Taylor subsequently chose to pursue a career in education and enrolled in night classes at Regis University to get his master’s degree. He earned his first teaching position at Fairview High School in Boulder two years later.
Taylor, who grew up moving about a lot and went to high school in Minnesota, finds many connections between teaching and climbing, including a lack of variety. He only had one non-white teacher as a child, in second grade, when he went to a Navajo tribal school.
The teaching profession is predominantly white across the country, despite the fact that the majority of pupils are not. Only approximately 2% of instructors in the United States are Black men, and the percentage in Colorado is considerably lower – 0.5 percent.
When children of color see someone who looks like them at the front of the class — at least some of the time during their 13 years of K-12 schooling — Taylor believes it makes a difference.
“Sometimes that kid’s just going to connect with that person a little better,” he said.
Taylor is a down-to-earth guy who isn’t the sort to make a big deal in class about his aspirations to climb the world’s highest mountain. In fact, most of his pupils were unaware of the voyage until Taylor told them about it. They saw portions of the trip on television or read news pieces about it in hundreds of publications, including the Washington Post, CNN, and People magazine.
Some students were full of questions: “What’s it like going to Nepal? What’s it like going to Asia? That mountain’s crazy!”
Others have offered advice, he said. “Some of my track kids are like, ‘What’s your training looking like? You should be doing more sprints.’”
Taylor’s only presentation regarding his trip, outside of one-on-one conversations, was the result of a bribe. If his pupils performed well during a television crew’s visit to shoot one of his courses, he promised them a pizza party.
“They all came in exactly on time. They were all raising their hands, asking questions,” Taylor said, chuckling. “Not that they don’t do that normally, but it was over the top.” During the pizza party, he talked about the expedition.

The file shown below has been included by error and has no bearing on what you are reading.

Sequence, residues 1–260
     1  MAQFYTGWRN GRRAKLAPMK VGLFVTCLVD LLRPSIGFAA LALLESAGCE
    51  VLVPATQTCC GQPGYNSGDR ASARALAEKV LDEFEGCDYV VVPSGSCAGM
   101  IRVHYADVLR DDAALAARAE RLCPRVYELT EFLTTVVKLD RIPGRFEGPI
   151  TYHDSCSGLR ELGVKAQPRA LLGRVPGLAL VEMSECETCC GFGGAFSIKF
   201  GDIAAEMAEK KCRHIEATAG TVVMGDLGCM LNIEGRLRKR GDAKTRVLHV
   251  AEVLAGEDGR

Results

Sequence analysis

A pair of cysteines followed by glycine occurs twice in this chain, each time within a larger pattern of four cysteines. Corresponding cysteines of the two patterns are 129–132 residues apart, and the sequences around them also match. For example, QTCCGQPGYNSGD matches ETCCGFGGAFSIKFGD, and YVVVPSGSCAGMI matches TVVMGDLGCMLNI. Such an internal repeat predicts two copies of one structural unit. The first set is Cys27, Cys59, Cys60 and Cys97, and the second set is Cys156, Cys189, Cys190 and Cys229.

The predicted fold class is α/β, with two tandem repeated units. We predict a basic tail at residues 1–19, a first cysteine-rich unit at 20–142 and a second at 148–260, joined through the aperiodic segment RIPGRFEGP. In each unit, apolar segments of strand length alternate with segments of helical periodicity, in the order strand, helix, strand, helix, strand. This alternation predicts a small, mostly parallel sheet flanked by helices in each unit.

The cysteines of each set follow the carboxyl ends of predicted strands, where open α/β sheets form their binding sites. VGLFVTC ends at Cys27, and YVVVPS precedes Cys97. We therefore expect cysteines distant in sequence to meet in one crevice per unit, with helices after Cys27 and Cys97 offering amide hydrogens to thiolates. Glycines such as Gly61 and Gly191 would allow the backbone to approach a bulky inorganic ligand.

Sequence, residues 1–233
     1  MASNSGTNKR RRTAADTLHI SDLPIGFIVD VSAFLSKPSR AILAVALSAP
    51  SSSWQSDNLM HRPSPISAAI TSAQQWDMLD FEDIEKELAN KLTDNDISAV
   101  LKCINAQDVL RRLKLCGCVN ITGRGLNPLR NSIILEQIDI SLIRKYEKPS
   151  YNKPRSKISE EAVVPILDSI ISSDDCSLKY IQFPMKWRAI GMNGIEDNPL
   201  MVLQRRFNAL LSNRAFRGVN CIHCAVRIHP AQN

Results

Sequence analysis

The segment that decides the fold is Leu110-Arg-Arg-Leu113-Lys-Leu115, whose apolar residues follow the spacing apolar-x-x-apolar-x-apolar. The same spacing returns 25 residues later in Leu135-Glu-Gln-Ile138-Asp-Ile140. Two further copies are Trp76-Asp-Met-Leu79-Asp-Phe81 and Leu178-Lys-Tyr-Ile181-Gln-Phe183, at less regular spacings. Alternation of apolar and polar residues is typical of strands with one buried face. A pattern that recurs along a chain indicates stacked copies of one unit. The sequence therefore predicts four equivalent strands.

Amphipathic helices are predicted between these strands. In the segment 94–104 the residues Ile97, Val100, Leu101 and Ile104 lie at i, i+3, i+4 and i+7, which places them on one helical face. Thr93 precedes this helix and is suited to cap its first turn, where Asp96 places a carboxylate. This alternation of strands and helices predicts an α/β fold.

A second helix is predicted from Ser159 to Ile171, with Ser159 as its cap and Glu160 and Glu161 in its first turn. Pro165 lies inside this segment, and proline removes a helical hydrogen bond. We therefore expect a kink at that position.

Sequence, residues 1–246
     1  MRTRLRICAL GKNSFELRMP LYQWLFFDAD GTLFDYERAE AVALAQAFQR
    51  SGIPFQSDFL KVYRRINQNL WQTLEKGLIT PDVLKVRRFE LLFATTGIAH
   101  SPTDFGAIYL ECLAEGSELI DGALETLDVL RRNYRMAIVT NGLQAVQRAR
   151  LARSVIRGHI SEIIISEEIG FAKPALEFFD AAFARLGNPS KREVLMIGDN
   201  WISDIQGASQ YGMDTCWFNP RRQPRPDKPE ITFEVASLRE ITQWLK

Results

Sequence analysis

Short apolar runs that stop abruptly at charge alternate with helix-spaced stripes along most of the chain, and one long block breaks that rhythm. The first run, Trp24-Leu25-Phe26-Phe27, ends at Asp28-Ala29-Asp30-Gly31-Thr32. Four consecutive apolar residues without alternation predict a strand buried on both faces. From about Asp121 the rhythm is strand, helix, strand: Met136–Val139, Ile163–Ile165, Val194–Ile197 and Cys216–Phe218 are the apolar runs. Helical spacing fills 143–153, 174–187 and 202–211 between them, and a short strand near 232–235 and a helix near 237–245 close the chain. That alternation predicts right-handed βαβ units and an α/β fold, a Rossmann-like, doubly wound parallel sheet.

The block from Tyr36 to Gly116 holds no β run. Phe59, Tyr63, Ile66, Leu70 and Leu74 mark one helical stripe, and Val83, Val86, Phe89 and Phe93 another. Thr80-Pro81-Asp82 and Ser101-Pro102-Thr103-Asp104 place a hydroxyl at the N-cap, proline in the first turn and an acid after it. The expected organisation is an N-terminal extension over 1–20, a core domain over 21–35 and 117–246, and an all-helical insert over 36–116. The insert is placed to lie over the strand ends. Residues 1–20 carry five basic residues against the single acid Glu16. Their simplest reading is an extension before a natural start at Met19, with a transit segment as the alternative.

In the next weeks, more local schoolchildren will learn about the Full Circle journey. Taylor’s wife, a Boulder Valley elementary school teacher, is combining the voyage into classes on capturing events and creating time capsules — materials that Microsoft, one of the expedition’s sponsors, hopes to make more publicly available.
She also started the Everest Kids Challenge for local kids, which pushes them to run, walk, trek, or cycle 5.5 miles, the mountain’s elevation above sea level. Participants will be placed into draws for prizes such as mountain bike and climbing adventures.
Taylor said part of the goal is to impact the broader community: “It’s not just a climb I’m going on,” he said.
Mount Everest, like his ascents of other iconic peaks such as Denali in Alaska and Aconcagua in Argentina, is more of a stage in a longer journey for him. He wants to rise to the top, but he also needs to get back down.
“None of these are successes if you don’t get home safely,” he said.
The article is paraphrased from the following: This Colorado teacher is about to climb Mount Everest, Ann Schimke, Mar 22, 2022, 4:39 pm MDT, https://co.chalkbeat.org/2022/3/22/22991401/teacher-eddie-taylor-mount-everest-black-expedition